~Today is the 15th. The past two months have been filled with crushing chest pain, random and violent, exorcist-like vomiting that can wake me from sleep, screaming, sobbing, days spent in bed, very dark thoughts due to the guilt and the tragedy of losing Norah. Disgusting things that I can’t believe I’ve had to experience. Things that robbed me of the joy that was all around me and the memory of her amazing little life, that has proven to be bigger than anyone could have imagined.~
Last week, while trying to work through these thoughts and experiences, my therapist told me that I was in no way to blame (many others, including police, a detective, several doctors, a distinguished Medical Examiner, a priest, a nun, my husband, my mother, my friends, my family, have told me this countless times. But a Mother’s mind and soul will do some powerful and irrational things when mourning for a child, especially when there is no cause).
She told me that I’m a wonderful mother whose baby died, and the two can go hand in hand.
This concept resonated with me.
I’d be the first to express those thoughts to other grieving moms, but I couldn’t do that for myself.
However, at that moment, I was finally able to speak the truth and know wholeheartedly that I did everything in my power to nurture, nourish, advocate for, comfort, and love my sweet girl, every second of the 111 days we had together. I grew this baby inside of my body. I fed her from my body. I sacrificed everything for her. We gave each other a lifetime of love in a very short amount of time. That’s pretty remarkable.
By the end of my session, my therapist had given me an assignment to discover a mantra; one that I could use when I’m beginning to spiral. I was on a mission.
That day, I broke down and shared my deep, dark pain and guilty feelings with a friend. She replied so kindly, and reaffirmed all she knew about me, and my love and care for my children. She then, unknowingly, presented me with my mantra, as she said to me, “Love is all you’re capable of.”
Love is all I’m capable of.
Love is all I’m capable of.
Love is all I’m capable of.
Love is all I’m capable of.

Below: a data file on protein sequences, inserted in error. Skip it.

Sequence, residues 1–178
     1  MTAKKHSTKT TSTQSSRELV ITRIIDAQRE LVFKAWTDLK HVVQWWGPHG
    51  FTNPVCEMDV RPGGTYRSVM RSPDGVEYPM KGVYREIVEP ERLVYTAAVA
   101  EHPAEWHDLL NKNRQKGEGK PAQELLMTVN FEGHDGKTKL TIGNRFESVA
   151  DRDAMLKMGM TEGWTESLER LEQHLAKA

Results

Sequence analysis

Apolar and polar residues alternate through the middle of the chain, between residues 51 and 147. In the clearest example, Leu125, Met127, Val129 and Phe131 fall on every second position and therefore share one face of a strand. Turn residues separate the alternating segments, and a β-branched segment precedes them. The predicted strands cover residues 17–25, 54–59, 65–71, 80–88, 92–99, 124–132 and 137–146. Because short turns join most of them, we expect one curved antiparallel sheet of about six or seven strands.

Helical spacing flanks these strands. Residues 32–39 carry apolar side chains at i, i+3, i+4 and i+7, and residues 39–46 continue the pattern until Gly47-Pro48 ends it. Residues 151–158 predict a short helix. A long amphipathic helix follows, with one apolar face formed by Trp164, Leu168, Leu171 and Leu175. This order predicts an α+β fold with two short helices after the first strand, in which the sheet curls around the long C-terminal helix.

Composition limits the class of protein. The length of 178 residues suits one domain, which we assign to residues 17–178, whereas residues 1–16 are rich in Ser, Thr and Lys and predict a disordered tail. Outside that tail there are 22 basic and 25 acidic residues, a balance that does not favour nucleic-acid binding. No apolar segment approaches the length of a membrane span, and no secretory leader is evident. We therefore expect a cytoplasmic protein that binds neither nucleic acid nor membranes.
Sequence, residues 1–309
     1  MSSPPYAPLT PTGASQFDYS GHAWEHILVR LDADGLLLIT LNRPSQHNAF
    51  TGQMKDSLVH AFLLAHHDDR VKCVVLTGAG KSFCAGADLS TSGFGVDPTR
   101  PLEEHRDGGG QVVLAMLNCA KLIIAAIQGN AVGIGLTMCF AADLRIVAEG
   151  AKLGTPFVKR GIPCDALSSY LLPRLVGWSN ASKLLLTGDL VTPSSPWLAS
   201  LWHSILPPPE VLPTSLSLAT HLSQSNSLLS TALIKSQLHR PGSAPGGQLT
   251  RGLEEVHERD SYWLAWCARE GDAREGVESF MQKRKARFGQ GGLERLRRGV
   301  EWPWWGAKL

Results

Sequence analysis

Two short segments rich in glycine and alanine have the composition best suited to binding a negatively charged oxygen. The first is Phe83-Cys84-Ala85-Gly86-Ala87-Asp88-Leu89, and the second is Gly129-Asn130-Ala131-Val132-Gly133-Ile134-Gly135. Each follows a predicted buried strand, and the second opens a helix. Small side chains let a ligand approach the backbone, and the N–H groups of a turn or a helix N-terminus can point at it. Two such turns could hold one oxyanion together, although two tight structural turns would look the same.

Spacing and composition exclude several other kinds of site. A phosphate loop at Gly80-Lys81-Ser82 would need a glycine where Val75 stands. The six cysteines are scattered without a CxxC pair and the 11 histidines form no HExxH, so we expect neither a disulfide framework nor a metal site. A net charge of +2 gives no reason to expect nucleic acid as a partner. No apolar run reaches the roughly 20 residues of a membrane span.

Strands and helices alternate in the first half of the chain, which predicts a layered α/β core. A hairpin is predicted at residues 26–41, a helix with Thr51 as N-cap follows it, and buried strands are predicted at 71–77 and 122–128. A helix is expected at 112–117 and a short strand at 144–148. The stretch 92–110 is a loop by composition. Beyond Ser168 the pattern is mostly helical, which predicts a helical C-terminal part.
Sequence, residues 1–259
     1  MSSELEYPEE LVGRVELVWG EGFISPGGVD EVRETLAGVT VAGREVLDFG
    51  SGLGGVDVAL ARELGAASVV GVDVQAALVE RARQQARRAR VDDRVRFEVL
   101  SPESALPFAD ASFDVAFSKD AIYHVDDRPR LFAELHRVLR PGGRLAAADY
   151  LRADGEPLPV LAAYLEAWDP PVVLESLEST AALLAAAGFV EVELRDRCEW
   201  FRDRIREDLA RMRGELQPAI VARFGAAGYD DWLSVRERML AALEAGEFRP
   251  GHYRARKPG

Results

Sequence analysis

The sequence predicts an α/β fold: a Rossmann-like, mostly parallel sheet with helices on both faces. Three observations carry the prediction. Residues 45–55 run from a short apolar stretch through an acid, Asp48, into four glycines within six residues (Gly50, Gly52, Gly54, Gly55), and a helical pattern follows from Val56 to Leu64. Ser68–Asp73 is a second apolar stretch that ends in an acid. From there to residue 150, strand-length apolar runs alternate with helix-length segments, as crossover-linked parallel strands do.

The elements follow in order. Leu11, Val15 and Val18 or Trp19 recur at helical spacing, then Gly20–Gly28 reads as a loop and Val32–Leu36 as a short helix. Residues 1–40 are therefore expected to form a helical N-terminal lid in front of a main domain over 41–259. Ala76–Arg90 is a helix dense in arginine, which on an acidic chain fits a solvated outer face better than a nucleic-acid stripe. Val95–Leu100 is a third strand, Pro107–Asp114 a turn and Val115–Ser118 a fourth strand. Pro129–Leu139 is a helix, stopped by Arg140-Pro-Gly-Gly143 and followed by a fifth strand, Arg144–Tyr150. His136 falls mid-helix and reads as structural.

So simple. So powerful. So true.
That day continued to unfold with blessings right before my eyes. I was invited to attend a Healing Mass with someone who I believe was put into my life for a very specific reason. (She shares the joy of children who are the same ages as mine. She and I met last year and were pregnant again, at the same time. She reached out to me after Norah died, and shared words, some of which were God’s words, that I’ll never forget. She paused her very busy life to help me plan Norah’s funeral mass and directly contacted our Priest to ensure that everything went just as we had requested. Both of our youngest were baby girls. Both of their names begin with an N. Both of them are now living together, as soul sisters, in Heaven.)
I knew this mass was exactly what I needed. I couldn’t believe I hadn’t thought of it before! But I was barely able to form a sentence sometimes, let alone a thought. My friend, and God, did that for me.
She and her Mom picked me up the very next evening. This was the first time I had met her mother but I felt an instant bond, a comfort, in her presence. I was with the people whom I needed to be with.
We walked in to St. Paul’s Cathedral. The magnificence of that church hit me. We sat in the middle of the church, row 130. I was exactly where I needed to be.
During the homily, one of the fifty-some priests from around the world spoke about forgiveness and healing from his own personal experiences. I learned that healing can not begin until you have achieved forgiveness. I began racking my brain, trying to figure out who I needed to forgive. It is extremely rare that I have run-ins with others. I don’t hold grudges. I move on, even it means removing myself from a bad situation. But I forgive. Long ago, I even forgave for others, those who had wronged some of my friends and family. There was no one out there whom I needed to forgive. Why was I being blocked from beginning this journey into grief and healing?
I yearned to grieve for Norah in the most normal way possible. I yearned to not be overtaken by the demons that were flooding my brain and gripping my heart. The demons that were blocking me from so much joy that was still surrounding me. I was more confused than ever. I continued to pray.
At the end of the mass, the priests positioned themselves in areas around the church for people to talk to, confess to, cry to, pray with, receive a blessing from, whatever was needed. I told my friend and her mom that I’d meet them by the door later on.